The formation and maintenance of Ivy1-positive SEs required the function of the homotypic fusion and protein sorting (HOPS) tethering complex, as well as functional ESCRT and retromer machineries. Specific HOPS inactivation increased the number of Ivy1-positive puncta and depleted them of early endosomal markers, indicative of continuous endosomal maturation but defective fusion with the vacuole (a major HOPS function). Intriguingly, HOPS inactivation markedly shifted TORC1 activity from vacuolar to endosomal targets. Yet, it remains unclear from where endosomal TORC1 activity now originated, because under these conditions Ivy1-positive puncta no longer contained EGO and TORC1.
Collectively, yeast TORC1 localizes to a heterogenous population of structures of late and early endosomal origin—50% with and 50% without Ivy1. Homo- and heterotypic fusions of late endosomal organelles are critical to maintain the population of SEs. Some of the observed structures may also represent biosynthetic carriers supplying SEs or vacuoles with TORC1 signaling components. Discrimination is difficult, as it is currently unclear which of the observed structures actively participate in endosomal TORC1 signaling. New tools to localize active TORC1 within cells and a detailed ultrastructural analysis may more accurately determine the nature of SEs in the future.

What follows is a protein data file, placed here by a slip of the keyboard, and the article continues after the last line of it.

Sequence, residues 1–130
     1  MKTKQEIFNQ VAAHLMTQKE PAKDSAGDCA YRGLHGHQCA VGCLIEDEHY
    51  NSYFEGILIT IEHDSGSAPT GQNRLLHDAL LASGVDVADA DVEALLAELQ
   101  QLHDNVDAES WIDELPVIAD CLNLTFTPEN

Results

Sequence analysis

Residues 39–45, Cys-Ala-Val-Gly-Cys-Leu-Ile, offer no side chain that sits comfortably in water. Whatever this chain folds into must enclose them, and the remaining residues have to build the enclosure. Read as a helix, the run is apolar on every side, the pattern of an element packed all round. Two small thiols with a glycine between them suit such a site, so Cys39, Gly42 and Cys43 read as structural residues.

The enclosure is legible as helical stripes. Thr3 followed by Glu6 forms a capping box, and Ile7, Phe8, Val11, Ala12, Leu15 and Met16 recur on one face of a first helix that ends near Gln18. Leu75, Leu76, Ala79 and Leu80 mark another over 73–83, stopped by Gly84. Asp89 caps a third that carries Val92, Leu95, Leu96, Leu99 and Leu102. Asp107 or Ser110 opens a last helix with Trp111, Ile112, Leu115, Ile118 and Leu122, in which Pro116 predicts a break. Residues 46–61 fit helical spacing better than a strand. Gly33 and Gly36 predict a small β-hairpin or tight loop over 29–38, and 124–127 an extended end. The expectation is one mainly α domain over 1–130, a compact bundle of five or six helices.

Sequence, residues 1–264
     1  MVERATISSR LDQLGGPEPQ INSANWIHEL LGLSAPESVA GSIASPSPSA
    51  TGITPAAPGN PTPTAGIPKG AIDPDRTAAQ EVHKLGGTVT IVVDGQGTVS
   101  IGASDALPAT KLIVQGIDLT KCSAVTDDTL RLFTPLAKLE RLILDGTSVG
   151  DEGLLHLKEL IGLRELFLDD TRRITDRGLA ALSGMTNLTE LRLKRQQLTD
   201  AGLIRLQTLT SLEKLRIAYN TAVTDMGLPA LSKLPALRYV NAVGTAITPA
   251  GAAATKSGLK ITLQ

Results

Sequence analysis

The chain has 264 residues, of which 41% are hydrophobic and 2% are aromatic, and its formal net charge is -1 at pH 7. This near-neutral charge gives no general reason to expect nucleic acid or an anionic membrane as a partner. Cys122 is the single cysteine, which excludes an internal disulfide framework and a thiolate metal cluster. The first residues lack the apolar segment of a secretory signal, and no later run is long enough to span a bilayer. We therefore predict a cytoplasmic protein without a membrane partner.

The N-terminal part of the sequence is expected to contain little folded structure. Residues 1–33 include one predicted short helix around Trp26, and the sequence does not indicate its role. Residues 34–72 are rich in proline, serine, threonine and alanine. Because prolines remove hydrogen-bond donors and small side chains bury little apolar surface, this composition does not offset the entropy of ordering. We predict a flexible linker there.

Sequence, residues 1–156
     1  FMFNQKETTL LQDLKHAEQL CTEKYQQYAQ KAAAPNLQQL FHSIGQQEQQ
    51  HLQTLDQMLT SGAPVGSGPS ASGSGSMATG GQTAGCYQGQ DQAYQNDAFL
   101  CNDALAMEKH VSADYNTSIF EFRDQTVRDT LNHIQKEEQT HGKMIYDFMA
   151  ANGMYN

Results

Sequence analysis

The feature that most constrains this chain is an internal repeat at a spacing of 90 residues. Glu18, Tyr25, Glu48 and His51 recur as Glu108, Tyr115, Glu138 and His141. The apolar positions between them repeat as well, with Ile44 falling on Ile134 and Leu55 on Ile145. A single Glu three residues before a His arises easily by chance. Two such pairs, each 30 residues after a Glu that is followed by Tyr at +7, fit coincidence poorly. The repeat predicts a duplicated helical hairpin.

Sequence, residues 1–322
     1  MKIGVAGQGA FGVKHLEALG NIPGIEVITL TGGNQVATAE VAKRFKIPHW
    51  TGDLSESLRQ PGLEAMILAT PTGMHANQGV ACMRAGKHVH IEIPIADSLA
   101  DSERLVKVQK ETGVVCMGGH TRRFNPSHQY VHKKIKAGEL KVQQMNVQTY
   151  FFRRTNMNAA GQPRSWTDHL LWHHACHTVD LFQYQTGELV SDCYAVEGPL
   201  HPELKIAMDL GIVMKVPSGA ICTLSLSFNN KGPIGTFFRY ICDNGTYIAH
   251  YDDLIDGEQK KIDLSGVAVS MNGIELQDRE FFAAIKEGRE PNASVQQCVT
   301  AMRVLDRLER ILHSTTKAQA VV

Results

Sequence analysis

In mammalian cells, the situation appears to be even more challenging: mTORC1, Rheb, and Raptor have been found on the endo-lysosomal system, but also at the ER, the Golgi apparatus, peroxisomes, stress granules, the nucleus, and mitochondria. Whereas the function within the nucleus, controlling gene expression, is well established, characterizing unambiguous physiological roles for some of the other mTORC1 pools has proven considerably harder. This is partially due to the motile nature of lysosomes, where the canonical pool of mTORC1 resides, and their intrinsic capability to establish membrane contacts or fuse with other organelles. As an example, growth factors promote lysosomal mTORC1 activation and simultaneously trigger the translocation of the organelle to the cell periphery. These signaling lysosomes specifically target focal adhesions, specialized domains of the plasma membrane, in a process that is required to support mTORC1 activity (7).